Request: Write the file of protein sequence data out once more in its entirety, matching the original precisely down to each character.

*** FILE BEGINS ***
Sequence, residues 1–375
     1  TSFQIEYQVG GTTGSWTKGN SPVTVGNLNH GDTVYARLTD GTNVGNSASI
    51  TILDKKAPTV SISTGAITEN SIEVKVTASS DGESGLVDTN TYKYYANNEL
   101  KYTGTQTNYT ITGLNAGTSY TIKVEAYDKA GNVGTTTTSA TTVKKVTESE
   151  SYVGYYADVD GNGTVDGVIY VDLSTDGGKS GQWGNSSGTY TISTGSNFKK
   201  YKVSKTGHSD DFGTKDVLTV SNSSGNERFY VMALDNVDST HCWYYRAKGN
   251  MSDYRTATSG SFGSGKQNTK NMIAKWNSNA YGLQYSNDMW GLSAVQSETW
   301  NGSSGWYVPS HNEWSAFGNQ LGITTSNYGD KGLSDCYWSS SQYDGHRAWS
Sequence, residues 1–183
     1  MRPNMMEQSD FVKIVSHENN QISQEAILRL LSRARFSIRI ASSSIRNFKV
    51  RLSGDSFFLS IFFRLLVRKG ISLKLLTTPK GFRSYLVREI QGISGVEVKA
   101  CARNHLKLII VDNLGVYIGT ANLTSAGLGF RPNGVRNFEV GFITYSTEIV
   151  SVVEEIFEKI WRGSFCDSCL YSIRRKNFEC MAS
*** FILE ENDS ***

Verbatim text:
Sequence, residues 1–375
     1  TSFQIEYQVG GTTGSWTKGN SPVTVGNLNH GDTVYARLTD GTNVGNSASI
    51  TILDKKAPTV SISTGAITEN SIEVKVTASS DGESGLVDTN TYKYYANNEL
   101  KYTGTQTNYT ITGLNAGTSY TIKVEAYDKA GNVGTTTTSA TTVKKVTESE
   151  SYVGYYADVD GNGTVDGVIY VDLSTDGGKS GQWGNSSGTY TISTGSNFKK
   201  YKVSKTGHSD DFGTKDVLTV SNSSGNERFY VMALDNVDST HCWYYRAKGN
   251  MSDYRTATSG SFGSGKQNTK NMIAKWNSNA YGLQYSNDMW GLSAVQSETW
   301  NGSSGWYVPS HNEWSAFGNQ LGITTSNYGD KGLSDCYWSS SQYDGHRAWS
Sequence, residues 1–183
     1  MRPNMMEQSD FVKIVSHENN QISQEAILRL LSRARFSIRI ASSSIRNFKV
    51  RLSGDSFFLS IFFRLLVRKG ISLKLLTTPK GFRSYLVREI QGISGVEVKA
   101  CARNHLKLII VDNLGVYIGT ANLTSAGLGF RPNGVRNFEV GFITYSTEIV
   151  SVVEEIFEKI WRGSFCDSCL YSIRRKNFEC MAS